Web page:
Energy & Green Tech

New Zealand's green hydrogen edge

Aotearoa New Zealand is likely to have a competitive advantage when it comes to generating clean, green hydrogen and this edge should help the country reduce its future reliance on fossil fuels, says a leading sustainable ...

Energy & Green Tech

A way to produce hydrogen directly from untreated sea water

A team of engineering and materials scientists from China, Australia and the U.S. has developed a process for using sea water to produce hydrogen without having to first pretreat the water. In their paper published in the ...

Energy & Green Tech

Targeted policies could help decarbonize Canada one home at a time

Be it through the food we eat, vehicle we use or way we live, we use fossil fuels and emit greenhouse gases in various activities in our daily lives. We need to reduce emissions across sectors, starting with our homes. This ...

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Gas is one of the three classical states of matter (the others being liquid and solid). Near absolute zero, a substance exists as a solid. As heat is added to this substance it melts into a liquid at its melting point (see phase change), boils into a gas at its boiling point, and if heated high enough would enter a plasma state in which the electrons are so energized that they leave their parent atoms from within the gas. A pure gas may be made up of individual atoms (e.g. a noble gas or atomic gas like neon), elemental molecules made from one type of atom (e.g. oxygen), or compound molecules made from a variety of atoms (e.g. carbon dioxide). A gas mixture would contain a variety of pure gases much like the air. What distinguishes a gas from liquids and solids is the vast separation of the individual gas particles. This separation usually makes a colorless gas invisible to the human observer. The interaction of gas particles in the presence of electric and gravitational fields are considered negligible as indicated by the constant velocity vectors in the image.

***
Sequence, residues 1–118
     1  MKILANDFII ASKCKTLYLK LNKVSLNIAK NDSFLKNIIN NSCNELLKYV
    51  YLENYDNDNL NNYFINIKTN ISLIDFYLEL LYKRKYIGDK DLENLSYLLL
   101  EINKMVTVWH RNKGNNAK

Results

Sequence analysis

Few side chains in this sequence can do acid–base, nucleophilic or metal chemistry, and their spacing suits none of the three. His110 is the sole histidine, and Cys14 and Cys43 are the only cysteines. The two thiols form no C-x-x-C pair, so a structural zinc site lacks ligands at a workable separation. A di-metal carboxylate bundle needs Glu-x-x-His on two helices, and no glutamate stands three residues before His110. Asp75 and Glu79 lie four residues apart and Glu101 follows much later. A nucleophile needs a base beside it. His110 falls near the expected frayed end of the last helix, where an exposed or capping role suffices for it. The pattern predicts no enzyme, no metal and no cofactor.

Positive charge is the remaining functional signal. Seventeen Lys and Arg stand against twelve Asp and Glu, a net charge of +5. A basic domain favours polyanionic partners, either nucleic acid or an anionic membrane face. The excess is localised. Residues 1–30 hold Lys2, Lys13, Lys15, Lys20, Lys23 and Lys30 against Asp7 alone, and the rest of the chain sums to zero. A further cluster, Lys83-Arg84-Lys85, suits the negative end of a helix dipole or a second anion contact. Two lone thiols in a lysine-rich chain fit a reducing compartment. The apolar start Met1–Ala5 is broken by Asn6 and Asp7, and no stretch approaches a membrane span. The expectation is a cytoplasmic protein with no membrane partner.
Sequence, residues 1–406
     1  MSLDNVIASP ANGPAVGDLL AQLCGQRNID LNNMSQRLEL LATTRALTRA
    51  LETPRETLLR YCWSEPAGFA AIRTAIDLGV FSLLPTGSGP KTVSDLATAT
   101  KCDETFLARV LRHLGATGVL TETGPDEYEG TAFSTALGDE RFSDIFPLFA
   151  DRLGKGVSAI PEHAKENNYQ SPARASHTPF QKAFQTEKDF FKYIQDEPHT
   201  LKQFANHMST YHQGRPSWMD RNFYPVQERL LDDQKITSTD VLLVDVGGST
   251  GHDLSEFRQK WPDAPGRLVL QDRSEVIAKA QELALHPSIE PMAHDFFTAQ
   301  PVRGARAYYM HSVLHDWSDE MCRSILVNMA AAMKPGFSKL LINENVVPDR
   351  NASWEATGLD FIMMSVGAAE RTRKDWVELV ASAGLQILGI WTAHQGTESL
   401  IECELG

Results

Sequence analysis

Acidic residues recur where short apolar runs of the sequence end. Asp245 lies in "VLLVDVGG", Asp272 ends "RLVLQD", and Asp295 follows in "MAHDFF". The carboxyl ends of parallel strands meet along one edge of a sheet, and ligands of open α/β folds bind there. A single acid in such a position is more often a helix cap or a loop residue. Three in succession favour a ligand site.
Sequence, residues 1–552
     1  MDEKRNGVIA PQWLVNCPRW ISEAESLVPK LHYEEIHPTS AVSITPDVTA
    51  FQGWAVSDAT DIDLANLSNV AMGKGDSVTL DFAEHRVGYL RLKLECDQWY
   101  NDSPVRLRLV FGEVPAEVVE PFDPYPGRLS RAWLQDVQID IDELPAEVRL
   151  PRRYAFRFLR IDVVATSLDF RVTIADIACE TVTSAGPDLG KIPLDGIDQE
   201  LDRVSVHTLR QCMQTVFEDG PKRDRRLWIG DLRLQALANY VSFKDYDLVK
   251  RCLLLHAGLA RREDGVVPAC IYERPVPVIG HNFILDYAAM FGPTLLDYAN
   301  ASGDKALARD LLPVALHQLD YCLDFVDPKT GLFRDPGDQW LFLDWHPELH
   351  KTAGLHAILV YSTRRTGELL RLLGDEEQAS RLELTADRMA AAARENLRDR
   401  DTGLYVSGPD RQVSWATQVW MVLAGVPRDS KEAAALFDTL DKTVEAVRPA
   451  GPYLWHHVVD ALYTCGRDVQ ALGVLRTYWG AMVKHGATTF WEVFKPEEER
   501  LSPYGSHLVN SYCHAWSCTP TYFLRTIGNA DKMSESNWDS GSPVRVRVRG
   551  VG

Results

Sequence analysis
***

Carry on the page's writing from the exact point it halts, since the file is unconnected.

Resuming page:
The gaseous state of matter is found between the liquid and plasma states, the latter of which provides the upper temperature boundary for gases. Bounding the lower end of the temperature scale lie degenerative quantum gases which are gaining increased attention these days. High-density atomic gases super cooled to incredibly low temperatures are classified by their statistical behavior as either a Bose gas or a Fermi gas. For a comprehensive listing of these exotic states of matter see list of states of matter.

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